Biology of cicada killer wasps
Eastern cicada killers (Sphecius speciosus) are the large wasps which dig burrows each summer in well-drained lawns, playing fields, plant nurseries and sloping terrain with varying amounts of grass east of the Rocky Mountains in the US and south into Mexico, Guatemala and Honduras. They begin their excavations a few weeks after our annual cicadas start singing. There are two related species, S. grandis, the western cicada killer, and S. convallis, the Pacific cicada killer, which are found in many US states west of the 94th meridian and Mexico and Central America. A fourth species, S. hogardii, the Caribbean cicada killer, is found in Florida, and the Caribbean nations and the spectacled cicada killer, S. spectabilis, is the only species in the genus reported from South America. Since little is known of the biology of the other four species, these pages present detailed information only on the eastern cicada killer.
The female cicada killer on the right is carrying a paralyzed annual cicada (Tibicen linnei) back to her burrow, where she will put it in a nest cell, lay an egg on it and seal the cell. A grub will hatch from the egg in a few days, eat the cicada and overwinter underground in a hard cocoon which it weaves. It will pupate in the spring, hatch in July or August, dig its way to the surface and live above ground for 2-6 weeks; all adults die annually. The cicada killer has adapted its life cycle to be in synchrony with that of its hosts: Like the several species of “annual” cicadas with which it feeds its young, a cicada killer spends over 90% of its life underground as a larva. Like most hunting and parasitic wasps, the cicada killer is a beneficial insect; it exerts a measure of biological control on cicadas, some species of which damage deciduous trees by laying eggs under the soft bark of the new growth on the trees’ terminal branches. Because they emerge each year in mid-July, cicada killers are not significant predators of periodical (13- and 17-year) cicadas, which emerge in May and June and die off by mid-July.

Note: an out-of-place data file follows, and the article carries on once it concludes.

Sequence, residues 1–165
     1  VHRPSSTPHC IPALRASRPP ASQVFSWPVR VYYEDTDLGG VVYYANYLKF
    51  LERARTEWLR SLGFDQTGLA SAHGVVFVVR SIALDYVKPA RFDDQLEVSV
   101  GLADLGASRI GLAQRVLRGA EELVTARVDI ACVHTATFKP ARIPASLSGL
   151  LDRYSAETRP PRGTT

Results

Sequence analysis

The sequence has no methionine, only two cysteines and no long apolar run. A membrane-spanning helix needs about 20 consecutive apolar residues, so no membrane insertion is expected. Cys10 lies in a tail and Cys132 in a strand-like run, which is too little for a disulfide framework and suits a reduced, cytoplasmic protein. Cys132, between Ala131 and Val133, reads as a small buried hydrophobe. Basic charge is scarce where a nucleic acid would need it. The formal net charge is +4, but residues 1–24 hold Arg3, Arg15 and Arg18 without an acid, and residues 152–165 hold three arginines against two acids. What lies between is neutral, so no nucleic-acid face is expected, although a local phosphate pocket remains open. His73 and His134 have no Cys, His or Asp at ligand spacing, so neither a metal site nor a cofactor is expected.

These illustrated pages are maintained as a resource for anyone interested in cicada killer biology. Please e-mail questions, comments or suggestions for further work to me at: email@example.com Last updated 5/21/2012.
Have you caught a wasp that looks like the one on the right? If so, it’s not a cicada killer, but a European Hornet; click on the picture to go to Dieter Kosmeier’s excellent www page on these fascinating wasps.
Much more information about cicada killers:
Introduction: An overview of the cicada killer’s life cycle.
Biology of cicada killer males: Hangin’ tough on the lek and being there when the phone rings.
Mating: Unusual precopulatory behavior, complete with movies.
Biology of cicada killer females: Putting their eggs in different baskets and…..
Hunting: Making a tough choice for each egg – Will this one be a boy or a girl?
Larval development and hatching (more movies).
Cicada killer species, their distributions and a taxonomic key for the genus Sphecius in the western hemisphere (Holliday & Coelho, 2006).
Suggestions for cicada killer control. Thinking of using pesticides to control cicada killers on your property? You may want to think twice – pesticides only kill this year’s wasps and, if your property is attractive to them, cicada killers will likely return again next year.
More suggestions for control of cicada killers, on the excellent cicada killer page posted by my colleague, Prof. Joe Coelho, at Quincy University.
Publications and www sites dealing with cicada killers. All references made to the scientific literature on these pages are available at this link, which is also on Prof. Coelho’s cicada killer page.
Here’s a link to a commercial www page where you can buy T-shirts, mugs and lots of other things imprinted with a great picture of a cicada killer, and a link to a page of outstanding video clips of cicada killers and other digger wasps by Dick Walton.
The male cicada killer in the picture above perched on my finger when it was offered and used it to get a better view of the area it was watching for emerging, virgin females. Male wasps cannot sting, but they can, at least in theory, give a nasty bite with their large jaws, as can the females, which have even larger jaws.
The female wasp shown on the right tired while flying back to her burrow with a paralyzed cicada and had landed short of her goal. Still carrying her cicada, she accepted the offer of a “lift” from my hand, crawled up my arm, took off and flew the final 10 feet to her burrow.